Oct 26, 2022

Week Notes - You Win or You Learn

A quote from Nelson Mandela apparently. It’s been in my head recently as I spent several days working on an LED project I shouldn’t have agreed to do with too little time, too little experience with the tools I eventually had to use, and without ever getting to see the physical installation. It feels like I’ve learnt a lot though and I’m inspired to learn more. So here’s a few rough notes, so I don’t forget, and in case there’s anything useful to other people.


Originally there was a plan to use a sensor to control the speed that the lights moved and their brightness. I experimented with several different inputs:



I used this code from Sensing the City to make a light move along a strip of LEDs (it looks even better if it’s moving around a disk!). Sensing the City is a great site, with loads of other good ideas.

Capacitive Touch Sensor


I already had an Adafruit CAP1188 breakout, recommended to me by Chris E at the Friday night cycling group I go to. It was easy to set up following the instructions on the Adafruit site and worked well, although I didn’t go further than blinking the onboard lights on this occasion. It seems worth putting in a bit more time and investigating some of its other features.

Although I didn’t get to use the Azoteq pressure sensor originally suggested for the project, I did see an Arduino sketch that used it. It looks as though there’s more to set up, but apparently it is very reliable, so might be worth further investigation too.

Pressure Sensors

We’ve used home made pressure sensors a lot at DoES Liverpool, mainly because we’ve found them a bit more predictable than capacitive touch.

I refamiliarised myself with these foam/wire/Velostat sensors that we made for Laura Pullig / Lanacaster Univerity’s What Does Health Look Like? project:

They work well and can use similar code to the potentiometer.

Along with Chris T, I also refurbished one of these much larger, but functionally similar, pressure sensors from MCQN Ltd’s Play the Tree/Geometric Lights. There are another 3 of these at DoES Liverpool and we’re now thinking of new uses for them:


Mapping Irregular LED Layouts

The project involved a fairly large number of pixels, arranged irregularly. In the end some of the pixels weren’t added until the day before the project shipped, so they had to be laid out physically in the order they would light up. I did try out several tools that might help me do pixel mapping in future though:

xLights Generate Custom Model

I’ve tried this before, and I didn’t have any more luck this time. The consensus seems to be that you need a decent camera, so I think it’s going to be worth borrowing one, watching a bunch of YouTubes, and trying again. On the other hand, I did find out that you can now control WLED via wifi from xLights on your laptop, so all good.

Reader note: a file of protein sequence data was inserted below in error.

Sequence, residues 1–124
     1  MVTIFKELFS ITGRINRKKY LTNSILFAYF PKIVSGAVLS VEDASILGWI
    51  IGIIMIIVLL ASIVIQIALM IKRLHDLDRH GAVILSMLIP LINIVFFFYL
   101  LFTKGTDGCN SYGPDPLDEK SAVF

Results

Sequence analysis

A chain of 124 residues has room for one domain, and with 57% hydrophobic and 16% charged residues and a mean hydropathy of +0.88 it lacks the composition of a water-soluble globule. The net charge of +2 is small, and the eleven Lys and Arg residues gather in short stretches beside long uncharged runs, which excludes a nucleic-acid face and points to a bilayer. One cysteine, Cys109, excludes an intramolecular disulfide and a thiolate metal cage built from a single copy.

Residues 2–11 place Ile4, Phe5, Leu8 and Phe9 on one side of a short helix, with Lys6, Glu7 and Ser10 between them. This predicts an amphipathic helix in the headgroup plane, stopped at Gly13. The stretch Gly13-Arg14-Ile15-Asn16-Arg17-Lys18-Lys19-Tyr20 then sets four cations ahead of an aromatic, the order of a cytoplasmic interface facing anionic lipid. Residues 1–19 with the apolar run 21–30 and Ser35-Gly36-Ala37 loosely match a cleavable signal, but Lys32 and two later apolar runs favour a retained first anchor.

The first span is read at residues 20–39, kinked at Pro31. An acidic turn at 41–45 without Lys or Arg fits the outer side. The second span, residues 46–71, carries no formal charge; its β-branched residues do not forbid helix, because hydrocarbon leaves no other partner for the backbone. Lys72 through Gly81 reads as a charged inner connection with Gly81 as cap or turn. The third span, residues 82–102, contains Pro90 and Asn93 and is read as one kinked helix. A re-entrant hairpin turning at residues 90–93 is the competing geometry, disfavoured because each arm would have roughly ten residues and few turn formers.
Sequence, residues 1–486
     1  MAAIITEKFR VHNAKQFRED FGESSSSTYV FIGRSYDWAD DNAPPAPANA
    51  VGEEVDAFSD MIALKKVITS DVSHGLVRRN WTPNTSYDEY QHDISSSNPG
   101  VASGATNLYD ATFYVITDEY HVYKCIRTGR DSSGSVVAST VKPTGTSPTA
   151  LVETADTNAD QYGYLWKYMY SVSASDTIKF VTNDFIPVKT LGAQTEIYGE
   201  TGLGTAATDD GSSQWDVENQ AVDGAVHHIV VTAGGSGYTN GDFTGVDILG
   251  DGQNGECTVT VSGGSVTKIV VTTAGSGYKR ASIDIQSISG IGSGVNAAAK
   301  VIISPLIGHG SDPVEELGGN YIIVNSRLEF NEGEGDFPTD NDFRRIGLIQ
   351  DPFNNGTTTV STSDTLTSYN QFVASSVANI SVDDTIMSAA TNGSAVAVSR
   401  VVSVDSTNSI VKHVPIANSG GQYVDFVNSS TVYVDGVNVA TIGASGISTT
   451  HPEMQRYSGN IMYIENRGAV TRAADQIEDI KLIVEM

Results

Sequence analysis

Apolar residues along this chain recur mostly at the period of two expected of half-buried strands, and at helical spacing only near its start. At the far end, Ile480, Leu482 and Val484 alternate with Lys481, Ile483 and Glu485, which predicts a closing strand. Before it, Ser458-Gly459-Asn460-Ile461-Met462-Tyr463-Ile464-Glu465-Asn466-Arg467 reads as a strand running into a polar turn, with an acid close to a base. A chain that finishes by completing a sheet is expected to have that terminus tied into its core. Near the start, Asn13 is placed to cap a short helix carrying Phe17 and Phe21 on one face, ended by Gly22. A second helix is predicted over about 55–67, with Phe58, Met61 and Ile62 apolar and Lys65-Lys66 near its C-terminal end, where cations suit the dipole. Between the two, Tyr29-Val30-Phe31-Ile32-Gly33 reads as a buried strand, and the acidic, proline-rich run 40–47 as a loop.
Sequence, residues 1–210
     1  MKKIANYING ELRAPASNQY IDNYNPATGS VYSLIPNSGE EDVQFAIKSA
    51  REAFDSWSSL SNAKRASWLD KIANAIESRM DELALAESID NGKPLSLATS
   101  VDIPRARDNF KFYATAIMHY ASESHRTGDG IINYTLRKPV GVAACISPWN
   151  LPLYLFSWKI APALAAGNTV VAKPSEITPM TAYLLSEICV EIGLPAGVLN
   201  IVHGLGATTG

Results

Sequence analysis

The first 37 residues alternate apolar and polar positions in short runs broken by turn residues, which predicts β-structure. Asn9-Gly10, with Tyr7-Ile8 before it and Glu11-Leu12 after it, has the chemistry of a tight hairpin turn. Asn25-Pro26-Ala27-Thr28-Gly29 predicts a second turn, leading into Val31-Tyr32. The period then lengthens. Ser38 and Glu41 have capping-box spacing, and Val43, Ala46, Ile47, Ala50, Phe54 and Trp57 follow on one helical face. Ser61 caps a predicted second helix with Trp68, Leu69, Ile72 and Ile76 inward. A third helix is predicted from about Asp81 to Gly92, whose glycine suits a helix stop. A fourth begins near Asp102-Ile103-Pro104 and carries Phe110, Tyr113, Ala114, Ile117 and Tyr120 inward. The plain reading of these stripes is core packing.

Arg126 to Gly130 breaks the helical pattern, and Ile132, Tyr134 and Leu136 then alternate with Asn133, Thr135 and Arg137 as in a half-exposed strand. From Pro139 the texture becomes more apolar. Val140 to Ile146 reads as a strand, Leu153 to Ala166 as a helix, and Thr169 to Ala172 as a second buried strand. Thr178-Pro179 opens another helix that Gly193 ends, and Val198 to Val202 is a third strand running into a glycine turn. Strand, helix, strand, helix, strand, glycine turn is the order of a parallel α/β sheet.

This semi-automatic pixel mapper might also be worth investigating.

LED-Mapper by Jason Coon

This is great - you do have to use Google Sheets to create a layout first, but it then allows you “to generate and visualize maps for irregular and/or gapped LED layouts, for use with FastLED, Pixelblaze and other libraries” and “also generates coordinate maps for radius and angle.”

I used both a disk of regularly spaced rings (wired as a spiral) and an irregular spiral made from WS2811 Xmas tree style pixels, taped onto Correx. Both were good although obviously the more closely-packed disk shows the pattern much better. This Tweet shows the regular disk running Jason Coon’s example sketch:

I used laser-cut polypropylene grids to work out the coordinates of the pixels, but Jason replied to the Tweet recommending this, which should be easier and more accurate.

I put together a quick push button circuit on the Arduino to help me identify the next pixel in line in the irregular spiral, and I can see that being useful again. The sketch is here.

Raspberry Pi as localhost with several ESP32s running WLED (or PicoWs?)

Another thing I didn’t get very far with before it became apparent that we weren’t going to use it, but I found some easy to follow instructions here and here. I’d like to take this further.

There are some alternatives to mqtt that might be worth looking at too - e.g. this YouTube shows how to make a lightshow with WLED, FPP, xLights and DDP data.

Arduino Mega 2560

This was what I finally wrote the sketch on, as there was one on site and I had one here. Memory was a bit of an issue, and because I didn’t get to see the final output, I wasn’t able to easily make amendments when things didn’t work as the users wanted (another lesson learned is that it might have helped to demonstrate the kind of effects that can be created at the start, and with what density of pixels).

Thanks to Adrian and Chris T for advice on C++ (the current spaghetti is my responsibility).

So I still want to do more LED projects…

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